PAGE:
your descriptions are haunting and i think that the images you've brought to my mind are going to keep me up at night, at least a little. but i think it shows how great you are as a writer - to manage to convey so much with so few words and in poetry, for which i think is one of the hardest things to do and write well.
the rythm you achieve with repeating words works really well in creating tension.
rumpels, you're just generally awesome and i always love reading something of yours!
Wow, this is a dark and gripping poem Rumples. You certainly helped to paint the fetrid picture of death. I think you capture the despair that can be felt in the darkness below on the river styx. Wonderful job I particularly like how you took the last line and gave a hidden message in the poem as well.
Wonderful job of capturing such darkness, it is something that I have enjoyed in your writing I love how toughtful you can be with your words and your craft. It truly shows in your works.
Hey Rumpels!! <3
You are so good at poetry. I feel like I should’ve realized this back when we did the “poetry over prose” blog post together, but now having read a number of your poems, I’m just in awe of your abilities. Your way of handling subtle meter, sound, words… It’s all so masterful.
In the first stanza it seems to me that you use the association that “night” has with darkness and gloom and endings to describe the misery of the “children of the night,” who are always looking forward with this apprehension and wariness. Ugh, but just the way you describe it is so raw – “ill-fated suffering” has such a heaviness to it, which suits the tone of the stanza so, so well.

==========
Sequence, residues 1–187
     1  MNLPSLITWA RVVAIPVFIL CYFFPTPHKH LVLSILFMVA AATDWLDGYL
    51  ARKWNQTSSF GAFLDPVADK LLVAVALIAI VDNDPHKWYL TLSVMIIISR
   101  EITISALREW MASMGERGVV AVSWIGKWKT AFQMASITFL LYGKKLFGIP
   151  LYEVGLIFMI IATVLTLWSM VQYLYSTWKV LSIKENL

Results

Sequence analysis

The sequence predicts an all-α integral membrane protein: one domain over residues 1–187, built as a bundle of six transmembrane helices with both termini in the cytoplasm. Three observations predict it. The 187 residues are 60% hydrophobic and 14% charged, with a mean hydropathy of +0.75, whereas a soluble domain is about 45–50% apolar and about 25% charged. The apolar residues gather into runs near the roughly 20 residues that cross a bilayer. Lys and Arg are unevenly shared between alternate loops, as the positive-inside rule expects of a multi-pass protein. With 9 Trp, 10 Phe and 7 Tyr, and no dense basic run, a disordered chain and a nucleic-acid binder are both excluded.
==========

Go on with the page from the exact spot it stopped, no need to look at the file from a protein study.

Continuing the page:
And then this – “Festering, pooling, rotting -- / the flies -- the flies.” – brought such a clear, nauseating image to my mind. Your words are so powerful, and you use them so well.
I admire how you managed to tie in the third stanza to the first, about how the children of the night see suffering before it even happens, and so it makes sense that they’re the first to see the lights go out. The fourth stanza is full of vivid, dark imagery, to the point where I saw things swimming before my eyes. You describe this pessimism about the future using such beautiful, fitting words, and I love that.
The last line is just one of the coolest things I’ve ever seen. Ugh, Rumpels. You’re amazing. <3
[This review was left for Quadpot, for the category “chapters with zero reviews on them.”]